Construction company offers hand in demolishing derelict properties 

The community of Coronation is getting serious when it comes to creating a town that attracts and retains newcomers.

Blaine Brigley of League Projects visited council at their regular meeting Mon. Feb. 8 virtually for a presentation on plans to help the town clean up any unsightly properties, forming a collaboration between the two parties.

He previously sent a letter to council noting the need to investigate the beautification of municipal-owned properties, and more specifically the land owned with abandoned buildings upon them.

Brigley offered help to clean up these properties in an effort to increase the beautification of the community.

“I’ve been slowly watching our town gradually decline its expectations and attention to our residences and businesses within it. 

“We need to get back to the mentality that residents and business owners care about the appearance of their properties, and also what visitors think about our town in regards to this,” began Brigley’s letter.

“We want to be a place that has the potential to attract more people to buy, or perhaps even build a house or business here with the hopes of trying to sustain our population so that our amenities like our school, hospital and sports facilities remain open for us to use.

“Currently, I think there’s some room for improvement in this area and believe we need to start somewhere.”

By quickly going through the lots/buildings for sale on the website, he noted there could be between eight and ten old buildings/condemned homes that could be knocked down, cleared out and levelled for future development.

“I’m sure all the businesses here, that have the means, would help out in different ways in order to cut costs of doing so as I know budgets are tight but I doubt there’s ever going to be a good time. There’s also many unsightly properties, which, even though are not easy to deal with, we have to find a way to clean up so that there’s pride in people’s property appearance….it’s a contagious thing on both ends of the spectrum.

“By all means, this is not meant to complain or paint a negative picture towards our council or staff, but more to try to recognize, initiate, and offer our help.”

Council agreed with Brigley, understanding the need to have this started.

Administration suggested as a starting point they begin looking into the cost to have local businesses remove the old, abandoned builds on town owned lots as well as having council begin working on building a new community bylaw that addresses these issues more specifically.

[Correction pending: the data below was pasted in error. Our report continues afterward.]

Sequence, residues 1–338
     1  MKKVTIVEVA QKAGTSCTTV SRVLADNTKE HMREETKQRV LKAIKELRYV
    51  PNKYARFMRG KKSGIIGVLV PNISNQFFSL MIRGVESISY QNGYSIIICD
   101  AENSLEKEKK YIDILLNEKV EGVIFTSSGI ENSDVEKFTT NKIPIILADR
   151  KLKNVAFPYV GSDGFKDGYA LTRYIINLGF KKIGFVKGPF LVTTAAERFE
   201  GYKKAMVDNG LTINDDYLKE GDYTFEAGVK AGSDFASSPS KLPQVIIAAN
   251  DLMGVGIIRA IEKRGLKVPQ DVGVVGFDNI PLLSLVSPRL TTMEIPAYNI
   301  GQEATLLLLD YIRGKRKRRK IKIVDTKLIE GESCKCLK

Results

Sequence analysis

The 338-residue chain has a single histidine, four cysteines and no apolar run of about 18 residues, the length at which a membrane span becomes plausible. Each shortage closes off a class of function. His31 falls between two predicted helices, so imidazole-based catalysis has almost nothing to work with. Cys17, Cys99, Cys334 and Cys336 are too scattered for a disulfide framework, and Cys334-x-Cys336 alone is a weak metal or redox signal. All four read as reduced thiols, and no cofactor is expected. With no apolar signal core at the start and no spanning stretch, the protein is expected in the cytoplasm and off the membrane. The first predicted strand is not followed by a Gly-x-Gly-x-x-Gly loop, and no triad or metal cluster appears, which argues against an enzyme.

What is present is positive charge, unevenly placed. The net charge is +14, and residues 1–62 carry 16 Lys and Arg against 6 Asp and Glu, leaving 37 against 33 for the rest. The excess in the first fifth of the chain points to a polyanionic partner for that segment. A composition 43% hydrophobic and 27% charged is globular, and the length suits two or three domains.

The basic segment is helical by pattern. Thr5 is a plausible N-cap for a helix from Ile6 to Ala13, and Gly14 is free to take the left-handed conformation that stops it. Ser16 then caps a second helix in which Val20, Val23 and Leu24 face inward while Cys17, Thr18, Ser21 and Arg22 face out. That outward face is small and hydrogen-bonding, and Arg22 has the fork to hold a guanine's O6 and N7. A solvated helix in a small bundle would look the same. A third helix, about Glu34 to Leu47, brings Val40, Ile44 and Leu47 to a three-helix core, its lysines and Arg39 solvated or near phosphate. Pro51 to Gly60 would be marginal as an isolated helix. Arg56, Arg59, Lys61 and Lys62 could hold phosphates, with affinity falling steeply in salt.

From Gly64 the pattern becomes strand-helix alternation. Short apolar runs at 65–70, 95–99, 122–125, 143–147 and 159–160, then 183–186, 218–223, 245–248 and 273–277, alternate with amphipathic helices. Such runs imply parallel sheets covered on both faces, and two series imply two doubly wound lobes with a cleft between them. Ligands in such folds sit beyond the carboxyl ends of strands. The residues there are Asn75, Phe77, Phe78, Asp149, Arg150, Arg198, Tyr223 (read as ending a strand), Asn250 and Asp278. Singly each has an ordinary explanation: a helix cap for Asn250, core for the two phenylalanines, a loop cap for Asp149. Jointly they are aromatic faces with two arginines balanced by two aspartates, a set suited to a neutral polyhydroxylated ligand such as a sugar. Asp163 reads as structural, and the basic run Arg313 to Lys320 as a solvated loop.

The town can begin budgeting for the removal of the abandoned buildings in a reserve account.

Brigley specified he did not wish to obtain work from the town as his company is busy but offered free trackho services as a donation to the town.

“It definitely would be a win-win for us,” said Mayor Ron Checkel.

Council asked about buildings with asbestos and if the pair have any formal training to contain and dispose of the substance responsibly.

Brigley does have the means and know-how to do it but administration suggested they focus on homes without asbestos to be tackled first.

Brigley also added they would like it if the town were able to provide trucks to haul debris away to the landfill where they could get a better deal on disposal prices.

Council agreed to support this endeavour, beginning the process by collecting information of homes they could demolish that are in the town’s possession.


Terri Huxley

ECA Review

About the author

Terri Huxley

Terri grew up on a grain farm near Drumheller, Alberta with an eye for the beautiful and uncharted. Living in such a unique and diverse area has helped her become the photographer and reporter she is today.

Coming from the East Central region getting this newspaper on her dinner table growing up, it helped her understand the community she now serves.

In May 2019, Terri was awarded Alberta Weekly Newspaper Association (AWNA) Canada's Energy Citizens Photographic Awards Sports Action – First Place as well as first for the same sports action image nationally with the Canadian Community Newspaper Association (CCNA). Fast forward to 2020, she has won second in the same category for the AWNA.